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Why are heirloom tomatoes so expensive? And what makes them so special? Those are questions you may find yourself asking right about now, since summer isn’t just tomato season. It’s also FANCY tomato season. I’m talking about heirloom tomatoes, those farmers’ market beauties that come in a variety of shapes, sizes, colors, and flavors. Though visually stunning, it’s the quality that sets heirloom tomatoes apart from their garden variety supermarket brethren.

Hybrid Tomatoes: The Honda Civic of Tomatoes

If heirloom tomatoes are so superior, why do tomatoes that are not of the heirloom persuasion dominate the shelves? Those familiar beefsteak, roma, grape, cherry, and Campari tomato varieties you’ve encountered so often are hybrid tomatos that have been scientifically engineered for disease resistance, high yields, and a long shelf life. Basically, ensuring year-round availability in abundance trumps maximizing flavor potential.

And let’s be clear: These tried and true varieties are a-ok. Think of them as the Honda Civic of tomatoes: affordable, dependable, gets your taste buds where they need to go.

Related Reading: How to Grow Tomatoes in Your Garden

Heirloom Tomatoes: Souped-Up Sports Cars with Pedigrees (and Finicky Dispositions)

Heirloom tomatoes, on the other hand, are like a souped-up sports car: bold, eye-catching, with a flavor that laps the competition. These top of the line tomatoes are tried and true, grown from seeds that have been passed from generation to generation (hence the name “heirloom”). Over decades of production they’ve become accustomed to local growing conditions ensuring consistency. While pollination of hybrid tomatoes is often relegated to controlled environments such as greenhouses, all heirloom tomatoes are open-pollinated so their seeds are naturally spread by animals and the wind.  These attributes essentially result in the flip side of hybrids—better quality but more susceptibility to disease, lower yields, and a shorter shelf life.

Heirloom Tomato Seeds and Plants from Burpee (prices vary)

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Needless to say, heirloom tomatoes are temperamental. They ripen quickly and bruise easily which means that when you see them for sale there’s an excellent chance they’ve been grown locally. It’s no wonder heirloom tomatoes cost more than conventional hybrids.

Eckerton Hill Farm Farmer's Choice Heirloom Tomato Variety Pack (3 Pounds), $54 from Goldbelly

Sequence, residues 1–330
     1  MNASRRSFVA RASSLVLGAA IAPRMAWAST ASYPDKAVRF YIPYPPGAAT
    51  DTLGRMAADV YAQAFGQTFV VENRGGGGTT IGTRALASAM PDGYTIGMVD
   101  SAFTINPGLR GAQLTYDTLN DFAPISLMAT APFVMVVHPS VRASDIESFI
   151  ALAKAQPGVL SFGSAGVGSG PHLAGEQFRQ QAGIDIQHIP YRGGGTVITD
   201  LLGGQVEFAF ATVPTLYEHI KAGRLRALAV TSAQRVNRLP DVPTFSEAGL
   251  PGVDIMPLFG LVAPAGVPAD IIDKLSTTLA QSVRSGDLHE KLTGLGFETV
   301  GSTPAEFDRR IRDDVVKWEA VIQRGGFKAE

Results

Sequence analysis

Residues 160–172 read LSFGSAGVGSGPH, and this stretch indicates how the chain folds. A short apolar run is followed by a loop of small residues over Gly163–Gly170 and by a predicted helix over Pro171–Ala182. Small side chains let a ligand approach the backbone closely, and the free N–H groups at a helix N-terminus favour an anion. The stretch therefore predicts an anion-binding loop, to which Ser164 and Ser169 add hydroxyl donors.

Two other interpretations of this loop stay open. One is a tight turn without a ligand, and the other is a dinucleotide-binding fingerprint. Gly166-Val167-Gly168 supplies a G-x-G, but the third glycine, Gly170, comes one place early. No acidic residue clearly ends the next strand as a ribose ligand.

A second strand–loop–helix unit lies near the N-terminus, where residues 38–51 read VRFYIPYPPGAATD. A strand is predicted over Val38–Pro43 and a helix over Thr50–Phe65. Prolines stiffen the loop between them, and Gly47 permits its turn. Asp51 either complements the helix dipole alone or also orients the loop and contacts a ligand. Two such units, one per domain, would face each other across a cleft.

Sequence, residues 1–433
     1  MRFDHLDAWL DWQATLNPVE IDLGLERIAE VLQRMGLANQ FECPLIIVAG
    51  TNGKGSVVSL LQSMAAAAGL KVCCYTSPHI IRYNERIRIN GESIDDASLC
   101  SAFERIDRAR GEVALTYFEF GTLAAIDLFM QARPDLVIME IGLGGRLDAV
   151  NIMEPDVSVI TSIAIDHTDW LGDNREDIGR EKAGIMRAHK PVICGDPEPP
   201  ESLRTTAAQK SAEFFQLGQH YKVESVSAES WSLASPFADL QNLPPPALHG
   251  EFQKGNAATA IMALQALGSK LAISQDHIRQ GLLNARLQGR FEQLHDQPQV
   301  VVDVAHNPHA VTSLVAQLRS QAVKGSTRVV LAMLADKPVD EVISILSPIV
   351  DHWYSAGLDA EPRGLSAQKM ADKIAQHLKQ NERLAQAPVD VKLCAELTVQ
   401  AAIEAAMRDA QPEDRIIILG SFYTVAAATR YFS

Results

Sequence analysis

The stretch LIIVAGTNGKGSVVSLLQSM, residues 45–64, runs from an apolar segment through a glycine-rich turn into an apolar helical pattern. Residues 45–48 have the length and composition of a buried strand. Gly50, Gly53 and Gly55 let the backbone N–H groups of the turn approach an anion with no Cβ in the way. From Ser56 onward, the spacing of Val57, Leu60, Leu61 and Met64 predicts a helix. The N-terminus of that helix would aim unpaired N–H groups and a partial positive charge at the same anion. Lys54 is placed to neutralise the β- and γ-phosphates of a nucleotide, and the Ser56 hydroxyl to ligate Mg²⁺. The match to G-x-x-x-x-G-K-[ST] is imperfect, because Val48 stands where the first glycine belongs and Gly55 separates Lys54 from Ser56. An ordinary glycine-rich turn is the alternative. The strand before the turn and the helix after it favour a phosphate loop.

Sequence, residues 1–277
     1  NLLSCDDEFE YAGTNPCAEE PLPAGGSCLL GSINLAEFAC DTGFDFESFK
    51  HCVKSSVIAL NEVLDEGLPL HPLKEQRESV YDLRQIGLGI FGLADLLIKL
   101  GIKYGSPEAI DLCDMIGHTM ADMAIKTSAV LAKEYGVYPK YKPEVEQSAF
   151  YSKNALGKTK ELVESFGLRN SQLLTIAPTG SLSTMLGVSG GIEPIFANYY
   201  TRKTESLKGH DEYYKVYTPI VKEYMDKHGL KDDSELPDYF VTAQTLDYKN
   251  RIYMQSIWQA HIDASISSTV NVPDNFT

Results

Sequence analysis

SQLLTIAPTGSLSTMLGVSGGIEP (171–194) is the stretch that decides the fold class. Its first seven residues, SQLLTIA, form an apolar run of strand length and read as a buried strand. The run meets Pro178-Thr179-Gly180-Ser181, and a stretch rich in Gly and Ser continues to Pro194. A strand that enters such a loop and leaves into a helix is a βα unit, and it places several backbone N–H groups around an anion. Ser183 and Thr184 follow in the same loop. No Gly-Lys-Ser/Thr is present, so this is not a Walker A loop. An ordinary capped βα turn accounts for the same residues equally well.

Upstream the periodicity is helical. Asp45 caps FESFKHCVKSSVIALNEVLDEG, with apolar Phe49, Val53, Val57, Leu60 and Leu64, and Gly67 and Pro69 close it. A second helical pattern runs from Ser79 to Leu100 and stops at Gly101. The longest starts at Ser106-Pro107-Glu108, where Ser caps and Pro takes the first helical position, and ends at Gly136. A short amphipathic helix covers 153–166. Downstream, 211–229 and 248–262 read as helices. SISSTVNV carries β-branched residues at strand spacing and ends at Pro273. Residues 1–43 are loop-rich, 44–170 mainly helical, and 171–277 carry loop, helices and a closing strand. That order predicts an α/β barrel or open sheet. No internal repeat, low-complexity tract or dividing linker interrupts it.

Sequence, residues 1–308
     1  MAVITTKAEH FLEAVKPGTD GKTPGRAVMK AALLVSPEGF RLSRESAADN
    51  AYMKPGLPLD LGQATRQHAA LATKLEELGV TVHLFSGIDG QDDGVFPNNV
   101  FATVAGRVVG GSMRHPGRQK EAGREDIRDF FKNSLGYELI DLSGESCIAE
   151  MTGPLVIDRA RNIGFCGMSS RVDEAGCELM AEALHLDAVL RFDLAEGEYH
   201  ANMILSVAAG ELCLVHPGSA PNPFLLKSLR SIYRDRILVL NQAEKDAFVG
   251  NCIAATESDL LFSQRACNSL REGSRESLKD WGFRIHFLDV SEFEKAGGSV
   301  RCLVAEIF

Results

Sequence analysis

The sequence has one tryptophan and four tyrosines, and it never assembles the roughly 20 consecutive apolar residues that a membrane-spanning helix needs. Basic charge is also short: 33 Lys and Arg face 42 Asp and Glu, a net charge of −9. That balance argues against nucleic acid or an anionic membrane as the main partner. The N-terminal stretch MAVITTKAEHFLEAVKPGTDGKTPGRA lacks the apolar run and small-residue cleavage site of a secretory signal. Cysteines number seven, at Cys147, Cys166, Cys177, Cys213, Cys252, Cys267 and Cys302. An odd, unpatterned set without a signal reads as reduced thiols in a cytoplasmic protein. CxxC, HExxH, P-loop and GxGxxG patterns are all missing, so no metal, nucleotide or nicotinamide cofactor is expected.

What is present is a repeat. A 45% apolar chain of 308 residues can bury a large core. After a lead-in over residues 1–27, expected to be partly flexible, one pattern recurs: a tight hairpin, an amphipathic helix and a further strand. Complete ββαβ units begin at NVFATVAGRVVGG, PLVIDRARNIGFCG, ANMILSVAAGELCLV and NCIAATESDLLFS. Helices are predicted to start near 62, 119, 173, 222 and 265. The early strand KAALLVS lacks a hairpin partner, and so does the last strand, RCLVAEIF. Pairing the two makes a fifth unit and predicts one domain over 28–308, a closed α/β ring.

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Family Heirlooms: The Many Varieties of Heirloom Tomatoes

Though heirloom tomatoes share many traits, not all are alike. In fact, the number of different varieties is in the hundreds. While giant Brandywines (a must for Caprese salads) with their signature ridges tend to be the poster child of heirloom tomatoes, there are plenty of smaller options like the Juane Flamme which are suitable for snacking.  Then, of course, there’s the pride of Italy, the medium-sized, elongated San Marzano, an exceptional choice for pasta sauces.

Cento San Marzano Organic Peeled Tomatoes, Pack of 6 for $20.88 from Amazon

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Color also serves as a reflection of the diversity of heirlooms, with each shade offering a different flavor profile. If you’re looking to stick with a familiar, well-balanced tomato flavor, keep an eye out for pink and red varieties. Want something a little smokier? Options of a darker hue including Black Beauty, Chocolate Lighting, and Cherokee Purple are the way to go.

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Green heirlooms such as the Aunt Ruby’s Green and Green Zebra are known for their pronounced acidity—but don’t mistake them for unripe green tomatoes which are extra firm and tart. For something a little sweeter, yellow and orange tomatoes should be your color of choice.

All things considered, few will argue that pound for pound heirlooms are the superior tomato option when compared to hybrids, at least when it comes to providing that big, juicy flavor—plus their names are so much more fun to say. But are heirloom tomatoes worth the extra cost? That’s for you to decide. Just don’t take too long or the choice will no longer be available to make. Until next summer, anyway.

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Header image courtesy of Tetra Images/Getty Images

David is a food and culture writer based in Los Angeles by way of New York City. His work has appeared in the Los Angeles Times, CBS Local, Mashable, and Gawker.
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